Actin-binding protein regulation by microRNAs as a novel microbial strategy to modulate phagocytosis by host cells: the case of N-Wasp and miR-142-3p.

Bettencourt P, Marion S, Pires D, Santos LF, Lastrucci C, Carmo N, Blake J, Benes V, Griffiths G, Neyrolles O, Lugo-Villarino G, Anes E - Front Cell Infect Microbiol (2013)

miR-142-3p activity correlates with a reduction of the amount of internalized M. tuberculosis per Mφ. Confocal microscopy showing quantitative and qualitative analysis of J774A.1 macrophages treated with miR-142-3p mimics (A) or miR-142-3p inhibitors (B), and challenged with M. tuberculosis (MOI 10) for 4 h. Blue (DAPI), green (H37Rv-eGFP), and Light red/orange (Rhodamine-Phalloidin). Bar: 20 μm. (C) Quantification of the relative amount of bacteria per macrophage treated with mimics or inhibitors of miR-142-3p. Data is represented as the mean area of bacteria per macrophage, per sample ± SEM at 4 h post infection (*P ≤ 0.05). Data was analysed using ImageJ macros (http://www.formatex.info/microscopy4/614-621.pdf).
© Copyright Policy - open-access
Related In: Results  -  Collection

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Figure 4: miR-142-3p activity correlates with a reduction of the amount of internalized M. tuberculosis per Mφ. Confocal microscopy showing quantitative and qualitative analysis of J774A.1 macrophages treated with miR-142-3p mimics (A) or miR-142-3p inhibitors (B), and challenged with M. tuberculosis (MOI 10) for 4 h. Blue (DAPI), green (H37Rv-eGFP), and Light red/orange (Rhodamine-Phalloidin). Bar: 20 μm. (C) Quantification of the relative amount of bacteria per macrophage treated with mimics or inhibitors of miR-142-3p. Data is represented as the mean area of bacteria per macrophage, per sample ± SEM at 4 h post infection (*P ≤ 0.05). Data was analysed using ImageJ macros (http://www.formatex.info/microscopy4/614-621.pdf).
Mentions: The reduction of N-Wasp expression by the treatment mimicking miR-142-3p of Mφs infected with either mycobacterial strain, prompted us to investigate for a possible role for this miRNA in controlling the early stages of phagocytosis. To assess this, we again employed the use of either “mimics” or “inhibitors” of miR-142-3p activity. Our hypothesis predicted a decrease in bacterial intake with the use of the mimics and an increase in the presence of inhibitors. As depicted in Figure 3A, confocal analysis confirmed that Mφs treated with the mimics resulted in a reduced amount of intracellular M. smegmatis at 4 hpi when compared to the negative control (scrambled miRNA). By contrast, Mφs treated with the inhibitors led to a dramatic increase in the amount of intracellular M. smegmatis. This effect was accompanied by distinct morphological changes in terms of cell size and large numbers of phagocytic cups, as compared to Mφs treated with the mimics (Figure 3B). The quantification analysis of the confocal analysis is illustrated in Figure 3C. Furthermore, the bacterial intake under these conditions was also measured at 1 or 4 hpi by CFU assays; this alternative quantitative method revealed similar effects to those obtained by confocal microscopy (Figure 3D). In the case for Mtb, Mφs treated with the miR-142-3p mimics resulted in a significant reduced amount of intracellular Mtb when compared to the miRNA control at 4 hpi, thus confirming our previous results with M. smegmatis challenge (Figure 4A). However, we were surprised that treatment of Mφs with the inhibitors did not lead to a significant increased level of intracellular Mtb, as it was the case for M. smegmatis (Figure 4B). The quantification analysis of the confocal analysis is provided in Figure 4C.

Bottom Line: Equally important, we show Mtb induces the early expression of miR-142-3p and partially down-regulates N-Wasp protein levels in both the murine J774A.1 cell line and primary human Mφs.As proof of principle, the partial siRNA-mediated knock down of N-Wasp resulted in a decrease of Mtb intake by human Mφs, reflected in lower levels of colony-forming units (CFU) counts over time.We therefore propose the modulation of miRNAs as a novel strategy in mycobacterial infection to control factors involved in actin filament assembly and other early events of phagolysosome biogenesis.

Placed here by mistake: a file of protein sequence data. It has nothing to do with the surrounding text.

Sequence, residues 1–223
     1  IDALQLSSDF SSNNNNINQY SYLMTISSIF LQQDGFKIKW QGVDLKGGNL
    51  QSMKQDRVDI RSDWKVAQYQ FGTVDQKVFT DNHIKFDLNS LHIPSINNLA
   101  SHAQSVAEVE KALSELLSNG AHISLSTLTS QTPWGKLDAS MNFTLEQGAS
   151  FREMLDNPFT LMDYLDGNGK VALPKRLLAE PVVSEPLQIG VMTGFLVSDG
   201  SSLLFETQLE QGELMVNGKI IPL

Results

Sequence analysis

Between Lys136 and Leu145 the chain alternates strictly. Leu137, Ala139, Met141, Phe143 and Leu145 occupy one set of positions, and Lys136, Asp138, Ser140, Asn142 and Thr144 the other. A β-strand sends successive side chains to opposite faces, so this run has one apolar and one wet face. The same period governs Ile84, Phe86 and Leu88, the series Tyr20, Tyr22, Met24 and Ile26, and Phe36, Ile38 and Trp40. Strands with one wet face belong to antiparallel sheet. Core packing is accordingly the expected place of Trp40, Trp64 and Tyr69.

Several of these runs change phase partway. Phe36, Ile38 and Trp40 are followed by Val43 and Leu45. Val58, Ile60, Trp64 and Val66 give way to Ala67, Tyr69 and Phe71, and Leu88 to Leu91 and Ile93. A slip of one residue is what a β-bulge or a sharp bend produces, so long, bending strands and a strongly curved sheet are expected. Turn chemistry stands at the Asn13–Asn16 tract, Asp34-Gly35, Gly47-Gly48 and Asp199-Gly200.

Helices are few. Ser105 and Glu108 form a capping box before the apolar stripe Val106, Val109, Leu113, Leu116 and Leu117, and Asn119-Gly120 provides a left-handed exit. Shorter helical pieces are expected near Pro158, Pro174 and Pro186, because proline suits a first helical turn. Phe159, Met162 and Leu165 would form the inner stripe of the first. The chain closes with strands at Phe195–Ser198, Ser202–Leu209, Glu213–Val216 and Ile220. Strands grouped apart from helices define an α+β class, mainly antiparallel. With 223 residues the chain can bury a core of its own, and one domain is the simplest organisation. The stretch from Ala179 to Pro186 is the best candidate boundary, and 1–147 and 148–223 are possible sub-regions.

View Article: PubMed Central - PubMed

Affiliation: Centro de Patogénese Molecular, Faculdade de Farmácia, Unidade dos Retrovírus e Infecções Associadas e Instituto de Medicina Molecular, Universidade de Lisboa Lisboa, Portugal.

ABSTRACT
Mycobacterium tuberculosis (Mtb) is a successful intracellular pathogen that thrives in macrophages (Mφs). There is a need to better understand how Mtb alters cellular processes like phagolysosome biogenesis, a classical determinant of its pathogenesis. A central feature of this bacteria's strategy is the manipulation of Mφ actin. Here, we examined the role of microRNAs (miRNAs) as a potential mechanism in the regulation of actin-mediated events leading to phagocytosis in the context of mycobacteria infection. Given that non-virulent Mycobacterium smegmatis also controls actin filament assembly to prolong its intracellular survival inside host cells, we performed a global transcriptomic analysis to assess the modulation of miRNAs upon M. smegmatis infection of the murine Mφ cell line, J774A.1. This approach identified miR-142-3p as a key candidate to be involved in the regulation of actin dynamics required in phagocytosis. We unequivocally demonstrate that miR-142-3p targets N-Wasp, an actin-binding protein required during microbial challenge. A gain-of-function approach for miR-142-3p revealed a down-regulation of N-Wasp expression accompanied by a decrease of mycobacteria intake, while a loss-of-function approach yielded the reciprocal increase of the phagocytosis process. Equally important, we show Mtb induces the early expression of miR-142-3p and partially down-regulates N-Wasp protein levels in both the murine J774A.1 cell line and primary human Mφs. As proof of principle, the partial siRNA-mediated knock down of N-Wasp resulted in a decrease of Mtb intake by human Mφs, reflected in lower levels of colony-forming units (CFU) counts over time. We therefore propose the modulation of miRNAs as a novel strategy in mycobacterial infection to control factors involved in actin filament assembly and other early events of phagolysosome biogenesis.

Show MeSH
Related in: MedlinePlus